But he said regional banks with high amounts of commercial estate loans were not likely to become the next Silicon Valley Bank.
“We’re well aware of the concentrations people have in commercial real estate,” he said. “I really don’t think it’s comparable to this. The banking system is strong. It is sound. It is resilient. It’s well-capitalized.”
The larger commercial real estate world is still absorbing the shock of the Fed’s aggressive campaign, according to Marcus & Millichap CEO Hessam Nadji. The effects may not pose a systemic risk, he added, but they will add to the industry’s many challenges.
“Commercial real estate has been through a pandemic, very rapid recovery, then massive tightening of financial conditions unlike anything we’ve seen in modern history,” he told Yahoo Finance Thursday. “The last three years have moved the industry through a significant rollercoaster.”
Dani Romero is a reporter for Yahoo Finance. Follow her on Twitter @daniromerotv
A few weeks back, I went out on a limb and said that all signs were pointing to the fact the real estate market was waking back up again.
I spoke of houses selling in multiple offers a day or two after going to market. Colleagues around the water cooler who were telling me of clients coming back in out of the wind, ready to think about real estate again.
Buyers were showing a willingness to come in off the sidelines, I said. Could it be that they think the worst is now over?
Well, turns out that theory of mine wasn’t just born of “hopium” — incidentally, my new, most favourite word to come out of the past few months of real estate downtime.
No, no. Hopium be damned — the real estate market is alive again.
By Wednesday of last week — the first days post-March break, which is unofficially the start of the spring market — I personally witnessed four midtown houses go within hours of being listed.
What might we glean from that?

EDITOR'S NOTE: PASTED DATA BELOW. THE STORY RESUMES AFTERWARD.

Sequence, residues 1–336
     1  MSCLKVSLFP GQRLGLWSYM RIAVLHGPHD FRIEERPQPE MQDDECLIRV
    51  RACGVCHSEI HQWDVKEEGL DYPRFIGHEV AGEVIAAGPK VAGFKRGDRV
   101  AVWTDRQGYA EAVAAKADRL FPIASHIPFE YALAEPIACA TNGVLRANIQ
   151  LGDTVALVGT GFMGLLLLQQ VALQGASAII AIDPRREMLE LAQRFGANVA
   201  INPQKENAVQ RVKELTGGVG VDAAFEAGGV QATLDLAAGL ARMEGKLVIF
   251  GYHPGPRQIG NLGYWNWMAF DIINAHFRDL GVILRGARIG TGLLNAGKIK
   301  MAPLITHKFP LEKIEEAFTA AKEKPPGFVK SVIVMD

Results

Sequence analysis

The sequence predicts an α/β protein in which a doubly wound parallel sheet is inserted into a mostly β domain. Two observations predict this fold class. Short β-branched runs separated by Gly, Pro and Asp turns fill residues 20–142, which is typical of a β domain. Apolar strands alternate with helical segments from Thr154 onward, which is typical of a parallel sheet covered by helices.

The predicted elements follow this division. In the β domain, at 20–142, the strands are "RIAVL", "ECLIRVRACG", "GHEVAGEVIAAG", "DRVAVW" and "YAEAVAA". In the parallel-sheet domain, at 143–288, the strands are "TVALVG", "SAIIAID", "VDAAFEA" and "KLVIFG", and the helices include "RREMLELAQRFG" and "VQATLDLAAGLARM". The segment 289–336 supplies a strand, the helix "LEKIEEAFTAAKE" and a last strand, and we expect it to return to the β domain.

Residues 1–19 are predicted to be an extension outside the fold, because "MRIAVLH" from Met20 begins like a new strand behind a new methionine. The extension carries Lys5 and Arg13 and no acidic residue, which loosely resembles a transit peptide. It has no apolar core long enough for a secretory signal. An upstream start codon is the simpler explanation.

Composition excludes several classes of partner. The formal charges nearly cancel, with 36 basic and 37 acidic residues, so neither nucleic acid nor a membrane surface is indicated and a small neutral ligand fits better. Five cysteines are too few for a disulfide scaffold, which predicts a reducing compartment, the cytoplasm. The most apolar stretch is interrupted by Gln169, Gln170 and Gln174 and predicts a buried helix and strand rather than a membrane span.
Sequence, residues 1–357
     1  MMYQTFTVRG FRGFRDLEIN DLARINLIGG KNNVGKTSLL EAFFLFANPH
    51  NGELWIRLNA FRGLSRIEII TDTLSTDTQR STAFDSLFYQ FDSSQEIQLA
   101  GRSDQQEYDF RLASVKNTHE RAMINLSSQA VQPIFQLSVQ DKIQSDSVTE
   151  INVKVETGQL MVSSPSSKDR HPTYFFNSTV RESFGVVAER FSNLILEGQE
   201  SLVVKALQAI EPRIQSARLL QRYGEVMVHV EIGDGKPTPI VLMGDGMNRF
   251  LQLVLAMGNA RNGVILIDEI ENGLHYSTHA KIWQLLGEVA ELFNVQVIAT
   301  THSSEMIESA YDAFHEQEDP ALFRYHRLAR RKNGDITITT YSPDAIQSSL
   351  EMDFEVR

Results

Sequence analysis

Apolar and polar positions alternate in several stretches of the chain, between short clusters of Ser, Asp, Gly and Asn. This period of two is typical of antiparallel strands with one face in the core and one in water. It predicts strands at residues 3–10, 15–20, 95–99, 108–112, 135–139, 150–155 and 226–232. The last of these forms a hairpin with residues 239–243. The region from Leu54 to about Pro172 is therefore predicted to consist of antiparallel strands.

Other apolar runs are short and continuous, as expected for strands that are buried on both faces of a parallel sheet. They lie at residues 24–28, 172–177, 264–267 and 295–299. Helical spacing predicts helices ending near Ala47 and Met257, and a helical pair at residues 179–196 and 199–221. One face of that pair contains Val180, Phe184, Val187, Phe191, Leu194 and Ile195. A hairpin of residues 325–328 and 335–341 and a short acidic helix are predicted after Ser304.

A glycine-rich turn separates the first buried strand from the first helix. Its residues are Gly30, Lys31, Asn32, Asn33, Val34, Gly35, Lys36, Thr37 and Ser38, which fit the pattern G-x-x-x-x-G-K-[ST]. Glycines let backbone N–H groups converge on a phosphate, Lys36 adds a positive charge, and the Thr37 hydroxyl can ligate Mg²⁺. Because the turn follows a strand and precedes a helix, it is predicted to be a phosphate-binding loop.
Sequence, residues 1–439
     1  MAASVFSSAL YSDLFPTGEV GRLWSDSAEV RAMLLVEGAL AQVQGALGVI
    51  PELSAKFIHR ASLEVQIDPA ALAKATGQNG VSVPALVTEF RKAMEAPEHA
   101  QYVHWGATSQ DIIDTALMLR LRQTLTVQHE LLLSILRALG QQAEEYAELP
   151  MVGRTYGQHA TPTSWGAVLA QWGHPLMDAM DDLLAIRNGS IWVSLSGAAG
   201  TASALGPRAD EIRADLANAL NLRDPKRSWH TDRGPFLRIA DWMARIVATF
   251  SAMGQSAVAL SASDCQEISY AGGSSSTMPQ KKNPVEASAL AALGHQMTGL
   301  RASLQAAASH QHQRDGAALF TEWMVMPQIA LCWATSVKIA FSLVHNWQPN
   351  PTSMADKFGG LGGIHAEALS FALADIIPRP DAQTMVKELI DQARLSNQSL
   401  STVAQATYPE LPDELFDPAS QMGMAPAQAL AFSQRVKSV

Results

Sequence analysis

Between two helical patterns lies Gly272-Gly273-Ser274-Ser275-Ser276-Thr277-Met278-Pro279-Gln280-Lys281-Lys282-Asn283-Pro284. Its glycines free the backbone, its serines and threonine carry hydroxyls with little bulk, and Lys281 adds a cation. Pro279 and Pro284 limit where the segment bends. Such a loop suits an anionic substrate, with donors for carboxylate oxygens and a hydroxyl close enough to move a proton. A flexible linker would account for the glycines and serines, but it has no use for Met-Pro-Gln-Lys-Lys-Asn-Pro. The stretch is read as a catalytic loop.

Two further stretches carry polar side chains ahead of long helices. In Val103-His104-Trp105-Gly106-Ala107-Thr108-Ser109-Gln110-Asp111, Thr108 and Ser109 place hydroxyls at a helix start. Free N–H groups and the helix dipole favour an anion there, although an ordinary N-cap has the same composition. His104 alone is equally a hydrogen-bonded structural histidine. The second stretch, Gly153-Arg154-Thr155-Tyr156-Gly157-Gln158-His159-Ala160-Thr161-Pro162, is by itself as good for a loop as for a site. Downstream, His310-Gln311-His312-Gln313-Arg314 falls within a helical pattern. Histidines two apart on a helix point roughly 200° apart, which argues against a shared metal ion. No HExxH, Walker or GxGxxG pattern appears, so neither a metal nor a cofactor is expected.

Could it be that people are feeling optimistic?
Clearly consumer sentiment has improved. Though if a year ago someone had told me there could be excitement at seeing rates creep just below 5%, I would have told them to give their head a shake.
But those rates have clearly started to normalize.
Assisted by the fact that markets are evidently now considering the banking meltdown south of the border may serve to bring about the great pivot sooner than late-2024 as consensus had previously thought.
Even the permabears seem to acknowledge we are witnessing a rally of sorts.
And while it’s hard to know why, the reality is that life will always goes on. The three D’s of real estate — death, divorce and debt — are immune to consumer sentiment. And with record lows in transaction volume, there is without a doubt pent up demand waiting to greet spring.
But this appears to be more than that. This seems to also relate to a belief that the worst is now over and while it has certainly been bumpy, better days lie ahead.
NEW YORK, March 24 (Reuters) – An executive who also serves on the board overseeing the New York Federal Reserve warned on Twitter of potentially systemic problems in the real estate finance market and called on the industry to work with authorities to avoid things getting out of hand.
Noting there is $1.5 trillion in commercial real estate debt set to mature in the next three years, Scott Rechler, who is CEO of RXR, a large property manager and developer, tweeted: “The bulk of this debt was financed when base interest rates were near zero. This debt needs to be refinanced in an environment where rates are higher, values are lower, & in a market with less liquidity.”